I have completed the courses I need to attain my Associate's Degree in Biology, and I will be pursuing my Bachelor's Degree at your University. This will help me reach medical school and become a committed emergency physician. What I need to do is to grow in my life, education wise and financial wise, to be able to return home and establish a clinic as well as a school to heal, teach, and support women, children and elders. I am hoping to meet other people in this University, who will support and join my cause for awareness of what the world is coming to and what needs to be done to cause, at any rate some change. By being a student of this University, you will be playing a role that will cause prosperity, spread of knowledge, and change in developing countries to occur in several years from now.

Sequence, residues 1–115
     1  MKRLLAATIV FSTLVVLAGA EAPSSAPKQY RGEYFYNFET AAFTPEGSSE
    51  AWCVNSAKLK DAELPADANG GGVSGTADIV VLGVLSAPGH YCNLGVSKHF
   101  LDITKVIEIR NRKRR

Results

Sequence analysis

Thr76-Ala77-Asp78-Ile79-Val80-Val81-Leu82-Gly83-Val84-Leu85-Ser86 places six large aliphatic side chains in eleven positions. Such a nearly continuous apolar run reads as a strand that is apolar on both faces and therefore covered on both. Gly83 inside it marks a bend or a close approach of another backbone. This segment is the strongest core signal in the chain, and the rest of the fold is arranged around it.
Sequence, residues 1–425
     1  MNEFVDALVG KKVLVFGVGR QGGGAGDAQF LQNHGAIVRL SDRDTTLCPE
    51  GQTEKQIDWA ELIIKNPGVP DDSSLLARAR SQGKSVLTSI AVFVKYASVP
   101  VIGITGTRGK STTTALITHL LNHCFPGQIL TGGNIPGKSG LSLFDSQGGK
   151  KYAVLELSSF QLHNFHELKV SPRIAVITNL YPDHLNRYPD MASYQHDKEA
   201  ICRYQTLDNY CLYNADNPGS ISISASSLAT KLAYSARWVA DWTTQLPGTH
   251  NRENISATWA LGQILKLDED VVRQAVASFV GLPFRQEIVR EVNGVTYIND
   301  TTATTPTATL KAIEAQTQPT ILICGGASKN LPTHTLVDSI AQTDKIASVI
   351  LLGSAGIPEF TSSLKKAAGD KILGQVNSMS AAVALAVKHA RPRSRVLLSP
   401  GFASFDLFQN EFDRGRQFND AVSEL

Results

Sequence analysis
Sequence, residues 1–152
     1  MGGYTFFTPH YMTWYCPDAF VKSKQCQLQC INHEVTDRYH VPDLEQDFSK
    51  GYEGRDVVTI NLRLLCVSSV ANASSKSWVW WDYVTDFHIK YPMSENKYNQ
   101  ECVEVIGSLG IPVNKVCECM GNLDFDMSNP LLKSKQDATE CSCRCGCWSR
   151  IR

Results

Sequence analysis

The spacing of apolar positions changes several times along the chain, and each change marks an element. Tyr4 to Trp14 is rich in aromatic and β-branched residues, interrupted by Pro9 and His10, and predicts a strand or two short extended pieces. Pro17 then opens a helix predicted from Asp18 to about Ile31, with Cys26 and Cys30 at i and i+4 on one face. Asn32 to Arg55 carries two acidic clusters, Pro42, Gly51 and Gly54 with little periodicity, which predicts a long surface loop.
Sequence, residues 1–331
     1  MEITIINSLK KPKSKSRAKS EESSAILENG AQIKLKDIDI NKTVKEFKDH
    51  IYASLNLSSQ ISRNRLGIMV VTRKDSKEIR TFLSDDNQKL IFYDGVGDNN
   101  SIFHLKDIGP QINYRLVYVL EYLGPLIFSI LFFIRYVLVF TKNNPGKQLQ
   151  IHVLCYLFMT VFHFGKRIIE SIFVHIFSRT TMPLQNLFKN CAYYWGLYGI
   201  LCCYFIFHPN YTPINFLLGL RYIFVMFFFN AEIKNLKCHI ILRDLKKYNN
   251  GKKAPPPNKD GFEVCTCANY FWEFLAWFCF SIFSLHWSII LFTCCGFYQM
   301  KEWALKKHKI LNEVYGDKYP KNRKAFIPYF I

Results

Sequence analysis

phoenix20 1 / 3  
Feb 7, 2010   #2
tiya90
Your content is very good. The ideas are supported with relevant evidence about your early childhood and your passion to become an doctor.

But there are a few things that, in my opinion, is problematic. First, Your introduction does not have the "wow" factor. Every sentence is disjointed. you need to connect the idea from each sentence so that it will flow smoothly. also, add a quotes or a personal story that grab the reader attention.

Second, your content focus so much on your early life that it sounds like an biography. I think you need to sum it up.

Lastly, in the prompt the admission officer want to know how Mount Ida College is the one for you. you need to elaborate more on that.

I hope this will help.
EF_Kevin 8 / 13,321 129  
Feb 8, 2010   #3